November 30, 1835 - April 21, 1910
Born Samuel Longhorn Clemens, he was a young man of many trades, including typesetter, newspaper journalist, riverboat pilot and miner before becoming the Mark Twain we recognize today. In fact, the pseudonym Mark Twain, meaning Mark number two on the Mississipi River, was a measurement used to signify the safe depth for steamboats.
William Faulkner described him as "the father of American Literature," while Ernest Hemingway states "All modern American literature comes from one book by Mark Twain called Huckleberry Finn."
Born in Florida, Missouri, but at age four he would move with his family to Hannibal, Missouri, which served as inspiration for the fictional town of St. Petersberg in his canonical works of Tom Sawyer and Huck Finn. He was born with, and would die by, the path of Halley's comet about Earth.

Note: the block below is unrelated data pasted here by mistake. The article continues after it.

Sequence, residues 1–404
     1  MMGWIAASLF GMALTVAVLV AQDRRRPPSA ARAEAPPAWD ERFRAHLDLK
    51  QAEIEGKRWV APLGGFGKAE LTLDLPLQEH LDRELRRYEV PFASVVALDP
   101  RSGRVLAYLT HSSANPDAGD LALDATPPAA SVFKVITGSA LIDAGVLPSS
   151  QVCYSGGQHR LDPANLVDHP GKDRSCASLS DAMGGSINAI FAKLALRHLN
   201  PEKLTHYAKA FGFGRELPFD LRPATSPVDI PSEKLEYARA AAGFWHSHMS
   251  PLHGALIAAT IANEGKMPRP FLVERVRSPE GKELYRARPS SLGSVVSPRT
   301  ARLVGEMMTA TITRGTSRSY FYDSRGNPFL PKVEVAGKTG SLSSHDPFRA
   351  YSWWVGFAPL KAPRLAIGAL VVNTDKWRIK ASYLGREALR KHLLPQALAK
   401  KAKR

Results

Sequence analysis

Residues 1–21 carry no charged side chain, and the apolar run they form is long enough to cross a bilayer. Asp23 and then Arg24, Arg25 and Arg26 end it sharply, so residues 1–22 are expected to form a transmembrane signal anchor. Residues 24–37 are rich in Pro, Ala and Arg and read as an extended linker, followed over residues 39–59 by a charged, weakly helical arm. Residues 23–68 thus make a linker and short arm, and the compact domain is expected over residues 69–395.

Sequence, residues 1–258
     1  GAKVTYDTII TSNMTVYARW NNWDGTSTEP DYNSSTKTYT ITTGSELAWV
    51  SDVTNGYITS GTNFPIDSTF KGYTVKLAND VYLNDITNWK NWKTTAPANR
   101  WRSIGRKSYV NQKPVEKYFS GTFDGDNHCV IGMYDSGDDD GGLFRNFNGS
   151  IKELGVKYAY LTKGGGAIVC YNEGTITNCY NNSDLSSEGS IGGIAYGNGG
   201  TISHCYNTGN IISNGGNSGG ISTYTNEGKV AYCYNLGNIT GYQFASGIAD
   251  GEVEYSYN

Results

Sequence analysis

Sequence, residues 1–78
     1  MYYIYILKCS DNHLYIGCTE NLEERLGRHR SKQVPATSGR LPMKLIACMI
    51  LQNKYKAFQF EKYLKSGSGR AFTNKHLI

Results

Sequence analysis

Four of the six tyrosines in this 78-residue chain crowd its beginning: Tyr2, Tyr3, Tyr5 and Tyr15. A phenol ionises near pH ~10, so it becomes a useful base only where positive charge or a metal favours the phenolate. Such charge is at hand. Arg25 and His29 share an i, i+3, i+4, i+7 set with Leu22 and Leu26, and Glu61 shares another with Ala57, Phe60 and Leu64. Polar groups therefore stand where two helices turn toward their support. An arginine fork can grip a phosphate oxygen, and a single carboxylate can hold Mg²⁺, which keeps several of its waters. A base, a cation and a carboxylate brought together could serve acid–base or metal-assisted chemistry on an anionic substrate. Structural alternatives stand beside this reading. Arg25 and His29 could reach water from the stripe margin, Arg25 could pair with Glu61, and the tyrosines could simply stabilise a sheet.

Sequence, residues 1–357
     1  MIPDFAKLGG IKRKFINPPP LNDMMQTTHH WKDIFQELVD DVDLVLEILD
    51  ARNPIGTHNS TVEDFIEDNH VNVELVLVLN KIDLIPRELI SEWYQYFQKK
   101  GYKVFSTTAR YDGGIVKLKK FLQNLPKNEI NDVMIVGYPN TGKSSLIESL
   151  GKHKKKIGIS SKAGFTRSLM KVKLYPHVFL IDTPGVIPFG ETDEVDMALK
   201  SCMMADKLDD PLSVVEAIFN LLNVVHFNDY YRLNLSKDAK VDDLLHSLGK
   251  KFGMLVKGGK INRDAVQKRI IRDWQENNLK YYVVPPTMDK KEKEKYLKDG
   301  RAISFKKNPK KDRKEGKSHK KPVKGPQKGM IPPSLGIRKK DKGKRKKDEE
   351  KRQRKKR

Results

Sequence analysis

The Adventures of Tom Sawyer was released in 1876, while The Adventure's of Huckleberry Finn was later published in February, 1885. However, a lesser known short story called The Celebrated Jumping Frogs of Calaveras County in 1865 was his first well-received publication, and allowed him to continue his prolific writing career as a travel journalist for the Sacramento Union.
He frequented our Historic Cary House during his travels through California, and his antique typewritter still remains on our fourth floor. When interviewed about his presence in town, the then proprietor spoke of how he "held court" in our local saloon.
"I came in with Halley's Comet in 1835, it is coming again next year, and I expect to go out with it. It will be the greatest dissapointment of my life if I don't go out with Halley's Comet. The Almighty has said, no doubt: 'Now here are these two unaccountable freaks; they came in together, they must go out together." - Mark Twain
His prediction held true, and Twain died of a heart atttack on April 21, 1910, one day after the comet's closest aproach to Earth.